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Why spend money on drawbridge projects?

October 30, 2017

I read with interest and amazement the article on the need for rehabbing the Lewes and Rehoboth drawbridges over the canal. (DelDOT to rehab Lewes, Rehoboth drawbridges in 2018)

I assume that the tall vessels that request those 12 openings per year are likely recreational sailboats that are likely to be ocean-worthy, though perhaps their owners may not want to take them onto the ocean on a choppy day, even from Cape Henlopen to Indian River Inlet.

If their journeys are delayed for a day or two, I’m sure that will impose some inconvenience on the owners of those tall vessels, but does that merit we-the-people spending $7 million on preserving these bridges as drawbridges? A decision was made to abandon the movable rail bridge up in Lewes because only a few rail trips per week were using it.

But perhaps there are fragile tall commercial or research vessels whose insurance or owners would much prefer that they travel in protected waters. Or perhaps there is some emergency such vessels must attend to at one end or the other of this canal which makes it worth our while to make sure they can travel the canal any day they like. Maybe some tourism company has invested in a taller boat, which the rest of us must subsidize for the sake of “business” - 12 trips per year.

What are the economic benefits to Sussex County, Delaware or the nation, of subsidizing these 12 vessels by maintaining these drawbridges and preventing the construction of fixed foot-, bike and car/truck bridges across the canal?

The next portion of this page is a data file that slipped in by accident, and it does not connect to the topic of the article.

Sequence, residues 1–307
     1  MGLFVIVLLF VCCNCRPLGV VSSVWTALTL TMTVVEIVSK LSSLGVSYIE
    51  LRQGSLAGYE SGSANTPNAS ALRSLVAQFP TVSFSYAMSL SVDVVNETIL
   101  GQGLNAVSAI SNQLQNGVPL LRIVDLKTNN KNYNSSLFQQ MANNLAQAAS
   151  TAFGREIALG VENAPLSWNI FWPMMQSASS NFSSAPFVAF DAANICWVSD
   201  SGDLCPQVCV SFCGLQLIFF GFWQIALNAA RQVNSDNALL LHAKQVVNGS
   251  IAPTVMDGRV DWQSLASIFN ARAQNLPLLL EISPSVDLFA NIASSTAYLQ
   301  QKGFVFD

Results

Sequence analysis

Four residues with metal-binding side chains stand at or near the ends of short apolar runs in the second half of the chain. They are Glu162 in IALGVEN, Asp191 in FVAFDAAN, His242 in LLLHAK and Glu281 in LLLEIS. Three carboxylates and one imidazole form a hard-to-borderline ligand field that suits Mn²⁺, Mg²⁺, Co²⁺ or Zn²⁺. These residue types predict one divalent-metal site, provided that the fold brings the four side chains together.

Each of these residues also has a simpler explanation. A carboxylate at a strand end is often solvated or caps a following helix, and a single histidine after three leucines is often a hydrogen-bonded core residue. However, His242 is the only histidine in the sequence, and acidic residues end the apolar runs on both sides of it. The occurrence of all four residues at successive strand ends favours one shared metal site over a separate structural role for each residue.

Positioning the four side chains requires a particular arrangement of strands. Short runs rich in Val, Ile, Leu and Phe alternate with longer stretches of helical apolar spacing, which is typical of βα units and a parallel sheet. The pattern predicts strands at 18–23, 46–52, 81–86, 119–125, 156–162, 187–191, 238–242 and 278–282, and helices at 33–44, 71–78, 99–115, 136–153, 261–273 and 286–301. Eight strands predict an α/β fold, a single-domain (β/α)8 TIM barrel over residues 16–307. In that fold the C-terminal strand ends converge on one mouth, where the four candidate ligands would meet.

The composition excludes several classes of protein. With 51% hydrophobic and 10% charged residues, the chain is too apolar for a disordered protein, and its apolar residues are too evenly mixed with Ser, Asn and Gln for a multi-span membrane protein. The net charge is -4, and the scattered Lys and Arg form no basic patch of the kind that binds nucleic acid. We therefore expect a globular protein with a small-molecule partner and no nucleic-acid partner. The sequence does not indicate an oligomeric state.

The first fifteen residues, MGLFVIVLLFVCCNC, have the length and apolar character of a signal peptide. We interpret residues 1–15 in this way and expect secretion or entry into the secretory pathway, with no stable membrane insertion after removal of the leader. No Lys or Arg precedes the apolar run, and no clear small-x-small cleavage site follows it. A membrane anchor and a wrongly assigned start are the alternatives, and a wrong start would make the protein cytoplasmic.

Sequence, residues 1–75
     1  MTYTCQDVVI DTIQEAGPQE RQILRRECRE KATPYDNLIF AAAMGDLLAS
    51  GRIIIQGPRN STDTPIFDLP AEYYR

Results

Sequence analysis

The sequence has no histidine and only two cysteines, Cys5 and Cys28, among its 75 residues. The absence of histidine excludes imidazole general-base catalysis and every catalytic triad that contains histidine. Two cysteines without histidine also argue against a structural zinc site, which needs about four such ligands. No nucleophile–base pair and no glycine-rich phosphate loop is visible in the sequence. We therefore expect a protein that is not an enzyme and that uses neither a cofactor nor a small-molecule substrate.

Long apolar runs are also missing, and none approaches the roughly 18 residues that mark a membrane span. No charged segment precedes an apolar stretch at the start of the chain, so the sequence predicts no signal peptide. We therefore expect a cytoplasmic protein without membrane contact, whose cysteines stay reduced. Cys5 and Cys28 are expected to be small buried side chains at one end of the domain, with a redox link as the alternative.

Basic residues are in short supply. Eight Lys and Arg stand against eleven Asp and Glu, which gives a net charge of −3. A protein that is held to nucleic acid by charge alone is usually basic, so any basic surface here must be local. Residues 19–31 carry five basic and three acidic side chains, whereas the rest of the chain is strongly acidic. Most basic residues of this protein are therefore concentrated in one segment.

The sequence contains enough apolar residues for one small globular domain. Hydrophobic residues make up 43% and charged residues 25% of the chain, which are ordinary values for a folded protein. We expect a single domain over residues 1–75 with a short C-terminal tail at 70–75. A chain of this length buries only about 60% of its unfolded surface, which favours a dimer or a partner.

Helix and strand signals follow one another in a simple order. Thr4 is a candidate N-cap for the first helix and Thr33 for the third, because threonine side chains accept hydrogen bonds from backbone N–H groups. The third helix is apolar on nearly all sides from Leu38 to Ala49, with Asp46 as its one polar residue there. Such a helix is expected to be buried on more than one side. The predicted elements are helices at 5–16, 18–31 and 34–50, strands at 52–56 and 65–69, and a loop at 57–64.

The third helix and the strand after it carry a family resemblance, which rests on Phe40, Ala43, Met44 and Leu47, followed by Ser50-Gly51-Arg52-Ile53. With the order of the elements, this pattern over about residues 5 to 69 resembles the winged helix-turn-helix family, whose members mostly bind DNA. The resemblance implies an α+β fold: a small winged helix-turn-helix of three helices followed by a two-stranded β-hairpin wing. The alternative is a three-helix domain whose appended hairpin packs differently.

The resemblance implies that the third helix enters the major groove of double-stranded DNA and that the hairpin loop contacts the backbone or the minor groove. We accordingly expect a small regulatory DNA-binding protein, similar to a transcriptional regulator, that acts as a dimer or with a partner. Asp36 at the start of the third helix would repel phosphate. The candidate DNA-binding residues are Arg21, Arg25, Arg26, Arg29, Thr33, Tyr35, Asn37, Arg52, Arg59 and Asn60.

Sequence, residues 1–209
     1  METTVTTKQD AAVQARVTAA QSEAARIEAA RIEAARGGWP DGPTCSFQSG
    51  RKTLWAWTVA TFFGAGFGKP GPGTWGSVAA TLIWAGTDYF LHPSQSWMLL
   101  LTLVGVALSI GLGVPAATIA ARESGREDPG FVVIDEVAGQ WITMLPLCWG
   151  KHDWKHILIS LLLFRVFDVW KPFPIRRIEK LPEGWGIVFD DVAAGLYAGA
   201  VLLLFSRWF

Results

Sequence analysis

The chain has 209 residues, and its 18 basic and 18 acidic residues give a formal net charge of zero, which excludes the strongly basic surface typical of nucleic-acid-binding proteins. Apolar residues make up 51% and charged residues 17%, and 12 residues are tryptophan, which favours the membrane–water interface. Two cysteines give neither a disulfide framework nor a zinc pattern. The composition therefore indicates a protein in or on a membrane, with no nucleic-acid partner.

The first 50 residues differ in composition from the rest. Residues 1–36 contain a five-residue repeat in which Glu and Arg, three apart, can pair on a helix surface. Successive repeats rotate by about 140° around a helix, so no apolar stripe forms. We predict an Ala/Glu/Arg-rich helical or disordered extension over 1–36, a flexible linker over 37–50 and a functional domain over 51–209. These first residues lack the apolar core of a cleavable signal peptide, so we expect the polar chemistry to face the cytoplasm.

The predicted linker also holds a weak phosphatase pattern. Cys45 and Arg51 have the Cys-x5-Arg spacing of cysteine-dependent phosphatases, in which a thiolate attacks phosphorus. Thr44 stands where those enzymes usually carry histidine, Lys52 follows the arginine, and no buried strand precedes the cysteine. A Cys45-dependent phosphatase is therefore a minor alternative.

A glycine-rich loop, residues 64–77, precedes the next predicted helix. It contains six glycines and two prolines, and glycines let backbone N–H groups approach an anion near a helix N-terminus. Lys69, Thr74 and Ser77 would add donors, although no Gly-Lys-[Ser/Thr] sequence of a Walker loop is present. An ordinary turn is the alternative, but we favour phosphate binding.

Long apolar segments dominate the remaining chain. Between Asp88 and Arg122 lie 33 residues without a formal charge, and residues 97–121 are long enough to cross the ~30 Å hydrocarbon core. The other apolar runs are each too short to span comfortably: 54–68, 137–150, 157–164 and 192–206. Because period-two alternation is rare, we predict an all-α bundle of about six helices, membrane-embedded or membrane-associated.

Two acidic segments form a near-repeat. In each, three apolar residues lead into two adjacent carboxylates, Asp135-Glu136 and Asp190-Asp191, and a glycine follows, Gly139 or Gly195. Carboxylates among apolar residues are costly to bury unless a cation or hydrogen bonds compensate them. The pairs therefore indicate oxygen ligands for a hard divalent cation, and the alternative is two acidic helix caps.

There has been a lot of talk about improving Rehoboth Beach’s bike routes by building a foot- and bike bridge over the canal near Rehoboth Avenue, but it seems to have been dropped. Many hundreds of bikers cross that bridge every day in season, and likely many dozens off season.

Rehoboth Beach and Dewey Beach are an island off an island, and having fixed bridges we can rely on to get thousands of cars, hundreds of bikes and pedestrians and at least a couple ambulances and fire trucks across the canal each day is vital. Are those 12 vessel trips a year really worth $7 million? Who decides?

Wouldn’t the funds be better spent widening the 50-foot Rehoboth Avenue bridge to accommodate bikes, scooters and pedestrians, inbound and outbound, safely, or adding a second fixed bridge at roughly the level of the top of the canal’s banks?

Wyn Achenbaum
Rehoboth Beach

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